How to edit a novel manuscript The final paragraph, the final sentence, the final full stop - your novel is finally finished! Or is it? It is going to require editing, there is no shame in admitting it. Even the most famous authors have editors, and many being the process by self editing the work. Editing is the important final stage (well, there are actually multiple stages to editing, but we’ll get to that), which will get your manuscript ready for publishing. With self-publishing become ever more popular, knowing how to edit your own novel is important. Ever heard the phrase ‘sleep on it’? The length of time between writing and editing is up to you. Once you’ve performed this first read through. What about plot development. Once again, pop the kettle on, take a its time for the third read through.

Top 100 Creative Writing Blogs | Best Colleges Online Posted on Thursday February 5, 2009 by Staff Writers From poetry to lengthy prose, creative writing classes in an online English degree can be a great way to express yourself. Of course, even the best online college students and writers can use a few tips, a little inspiration and a whole lot of help getting their work out there. Note: We’ve written an updated version of this list to give you the best, most current creative writing blogs. General These blogs cover a wide range of issues for students of the written word. Writer Unboxed: Learn both about the creative and business sides of fiction writing from this great blog.Backstory: Ever wonder where writers get their inspiration? Aspiring Authors These bloggers are writing on the ‘net and off, still waiting to get their best work published. Published Authors Get some advice, inspiration and motivation from these authors doing what they love and getting paid for it. Improving Your Craft Grammar and Editing Getting Published Genre Focused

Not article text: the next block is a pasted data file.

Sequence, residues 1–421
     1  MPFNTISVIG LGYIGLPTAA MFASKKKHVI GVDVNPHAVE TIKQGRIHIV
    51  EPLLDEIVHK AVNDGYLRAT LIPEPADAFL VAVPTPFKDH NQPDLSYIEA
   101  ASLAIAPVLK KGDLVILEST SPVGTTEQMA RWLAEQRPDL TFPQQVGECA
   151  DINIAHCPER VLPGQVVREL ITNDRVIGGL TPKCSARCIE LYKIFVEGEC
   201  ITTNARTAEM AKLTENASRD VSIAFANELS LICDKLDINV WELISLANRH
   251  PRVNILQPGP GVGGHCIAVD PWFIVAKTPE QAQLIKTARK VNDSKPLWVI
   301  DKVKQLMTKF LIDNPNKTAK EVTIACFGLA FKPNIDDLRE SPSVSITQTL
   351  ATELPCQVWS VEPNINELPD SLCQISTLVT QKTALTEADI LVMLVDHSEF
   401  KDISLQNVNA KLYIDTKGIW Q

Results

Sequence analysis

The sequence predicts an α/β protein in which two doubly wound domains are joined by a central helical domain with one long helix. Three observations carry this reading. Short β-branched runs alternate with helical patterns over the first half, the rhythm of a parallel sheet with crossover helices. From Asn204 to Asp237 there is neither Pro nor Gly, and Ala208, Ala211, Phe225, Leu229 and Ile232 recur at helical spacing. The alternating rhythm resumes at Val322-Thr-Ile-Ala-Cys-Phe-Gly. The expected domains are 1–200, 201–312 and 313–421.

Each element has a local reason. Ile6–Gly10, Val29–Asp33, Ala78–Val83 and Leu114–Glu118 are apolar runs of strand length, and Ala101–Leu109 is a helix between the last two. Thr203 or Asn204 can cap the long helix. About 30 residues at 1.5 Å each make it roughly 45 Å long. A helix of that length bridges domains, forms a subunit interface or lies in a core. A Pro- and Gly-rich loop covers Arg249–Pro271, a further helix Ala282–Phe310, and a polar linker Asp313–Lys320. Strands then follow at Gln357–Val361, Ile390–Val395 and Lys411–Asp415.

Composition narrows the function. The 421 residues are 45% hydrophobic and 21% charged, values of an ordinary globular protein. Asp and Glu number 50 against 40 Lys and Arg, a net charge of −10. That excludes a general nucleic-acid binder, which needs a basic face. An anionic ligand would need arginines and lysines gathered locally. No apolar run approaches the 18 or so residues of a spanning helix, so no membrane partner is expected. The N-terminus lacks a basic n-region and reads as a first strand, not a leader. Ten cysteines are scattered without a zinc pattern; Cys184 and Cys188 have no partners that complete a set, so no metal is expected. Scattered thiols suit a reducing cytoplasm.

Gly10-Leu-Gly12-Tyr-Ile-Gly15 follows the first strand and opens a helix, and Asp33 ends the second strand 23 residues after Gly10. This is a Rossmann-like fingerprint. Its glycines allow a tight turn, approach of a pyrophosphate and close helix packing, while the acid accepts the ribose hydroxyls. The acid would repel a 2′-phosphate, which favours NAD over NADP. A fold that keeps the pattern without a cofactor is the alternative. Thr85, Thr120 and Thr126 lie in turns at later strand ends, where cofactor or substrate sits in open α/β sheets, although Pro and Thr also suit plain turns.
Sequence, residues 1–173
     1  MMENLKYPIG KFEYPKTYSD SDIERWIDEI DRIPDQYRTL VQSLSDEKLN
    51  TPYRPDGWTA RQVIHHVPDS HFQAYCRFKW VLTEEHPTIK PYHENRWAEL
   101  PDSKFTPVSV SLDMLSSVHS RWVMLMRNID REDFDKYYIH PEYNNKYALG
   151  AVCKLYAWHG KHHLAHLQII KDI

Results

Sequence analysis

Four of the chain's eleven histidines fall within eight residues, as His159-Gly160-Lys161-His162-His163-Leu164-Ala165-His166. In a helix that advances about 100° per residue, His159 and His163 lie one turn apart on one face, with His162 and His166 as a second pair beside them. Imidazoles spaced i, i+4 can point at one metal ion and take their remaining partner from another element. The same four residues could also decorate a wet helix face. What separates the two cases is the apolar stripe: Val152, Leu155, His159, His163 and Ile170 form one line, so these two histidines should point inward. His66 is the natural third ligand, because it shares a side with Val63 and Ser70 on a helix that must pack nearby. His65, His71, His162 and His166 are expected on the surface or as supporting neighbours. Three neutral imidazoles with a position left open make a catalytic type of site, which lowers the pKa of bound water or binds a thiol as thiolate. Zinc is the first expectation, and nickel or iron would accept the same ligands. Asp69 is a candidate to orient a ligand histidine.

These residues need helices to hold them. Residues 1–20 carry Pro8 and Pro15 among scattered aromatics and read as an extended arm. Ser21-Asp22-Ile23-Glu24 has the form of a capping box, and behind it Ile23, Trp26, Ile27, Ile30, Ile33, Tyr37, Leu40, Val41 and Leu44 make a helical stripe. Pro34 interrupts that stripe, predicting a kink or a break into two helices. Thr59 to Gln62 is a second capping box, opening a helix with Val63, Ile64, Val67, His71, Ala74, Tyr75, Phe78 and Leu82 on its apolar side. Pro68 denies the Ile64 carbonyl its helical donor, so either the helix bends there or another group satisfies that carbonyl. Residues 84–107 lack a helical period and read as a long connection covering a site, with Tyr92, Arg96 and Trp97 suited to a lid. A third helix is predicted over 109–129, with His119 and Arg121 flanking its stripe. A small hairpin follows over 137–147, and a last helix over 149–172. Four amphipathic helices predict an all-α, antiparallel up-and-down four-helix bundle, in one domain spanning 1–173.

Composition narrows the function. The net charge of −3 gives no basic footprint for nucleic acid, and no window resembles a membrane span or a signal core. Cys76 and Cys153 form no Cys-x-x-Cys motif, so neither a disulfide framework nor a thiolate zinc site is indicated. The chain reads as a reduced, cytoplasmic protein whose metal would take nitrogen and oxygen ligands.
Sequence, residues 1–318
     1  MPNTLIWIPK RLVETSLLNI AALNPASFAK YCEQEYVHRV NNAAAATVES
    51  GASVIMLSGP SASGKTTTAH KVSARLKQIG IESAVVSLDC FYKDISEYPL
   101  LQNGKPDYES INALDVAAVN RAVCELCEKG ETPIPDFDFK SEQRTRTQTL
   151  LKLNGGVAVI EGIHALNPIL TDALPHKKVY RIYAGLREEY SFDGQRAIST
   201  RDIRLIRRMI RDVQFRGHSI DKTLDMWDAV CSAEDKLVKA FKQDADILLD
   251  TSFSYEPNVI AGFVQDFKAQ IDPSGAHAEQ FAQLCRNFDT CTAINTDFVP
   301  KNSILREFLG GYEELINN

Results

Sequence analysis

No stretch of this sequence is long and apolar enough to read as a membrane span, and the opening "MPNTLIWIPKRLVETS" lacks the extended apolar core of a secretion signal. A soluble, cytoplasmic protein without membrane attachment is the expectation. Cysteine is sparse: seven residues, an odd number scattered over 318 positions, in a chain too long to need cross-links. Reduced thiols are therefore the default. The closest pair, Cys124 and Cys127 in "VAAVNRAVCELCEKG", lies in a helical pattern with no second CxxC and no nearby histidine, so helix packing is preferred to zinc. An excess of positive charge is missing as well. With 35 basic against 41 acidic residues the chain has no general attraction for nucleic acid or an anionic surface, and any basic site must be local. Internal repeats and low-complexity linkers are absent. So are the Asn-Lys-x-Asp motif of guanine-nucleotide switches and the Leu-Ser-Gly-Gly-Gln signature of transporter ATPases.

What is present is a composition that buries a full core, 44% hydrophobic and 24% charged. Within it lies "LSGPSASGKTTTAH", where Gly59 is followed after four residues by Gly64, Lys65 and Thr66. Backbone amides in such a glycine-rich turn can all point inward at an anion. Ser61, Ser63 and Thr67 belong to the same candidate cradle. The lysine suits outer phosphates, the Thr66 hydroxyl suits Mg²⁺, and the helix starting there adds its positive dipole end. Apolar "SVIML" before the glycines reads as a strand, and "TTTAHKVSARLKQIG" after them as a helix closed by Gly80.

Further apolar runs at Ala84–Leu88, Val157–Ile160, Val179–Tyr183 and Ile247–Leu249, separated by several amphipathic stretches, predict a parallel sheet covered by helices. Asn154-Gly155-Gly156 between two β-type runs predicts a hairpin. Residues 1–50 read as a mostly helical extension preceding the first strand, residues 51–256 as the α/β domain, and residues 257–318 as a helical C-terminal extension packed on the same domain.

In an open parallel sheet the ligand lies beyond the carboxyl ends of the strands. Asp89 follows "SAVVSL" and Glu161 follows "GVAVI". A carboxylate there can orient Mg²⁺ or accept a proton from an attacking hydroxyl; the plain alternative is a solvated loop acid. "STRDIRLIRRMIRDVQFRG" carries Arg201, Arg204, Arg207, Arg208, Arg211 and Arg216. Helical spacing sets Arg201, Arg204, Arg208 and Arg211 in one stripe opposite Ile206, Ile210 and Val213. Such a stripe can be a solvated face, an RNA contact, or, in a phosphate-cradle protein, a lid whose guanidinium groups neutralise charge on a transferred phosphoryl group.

10 books on happiness and success that should be on every entrepreneur’s reading list « Entrepreneur, Startup, Small Business Articles and Resources 10 books on happiness and success that should be on every entrepreneur’s reading list 4inShare Published on November 22, 2014 in Inspiration, Tools by Melody Wilding Being an entrepreneur is stressful work. While it can be challenging to successfully balance your workload plus family, friends, fitness and some personal time, there are few things that rings true for most successful entrepreneurs. As an entrepreneur, you hit emotional obstacles daily, including butting up against self-doubt, rejection, perfectionism, and even loneliness. Take some downtime and pick up one of the following books for some practical, actionable guidance on enhancing your happiness, productivity, and success. 1. This book is a must-read for those who feel like they’ve lost sight of what is really important in life and want to recommit themselves to living in the moment in practical ways. 2. James Altucher’s book is all about not waiting on someone to save you. 3. 4. 5. Everyone has bad habits. 6. 7. 8. 9. 10.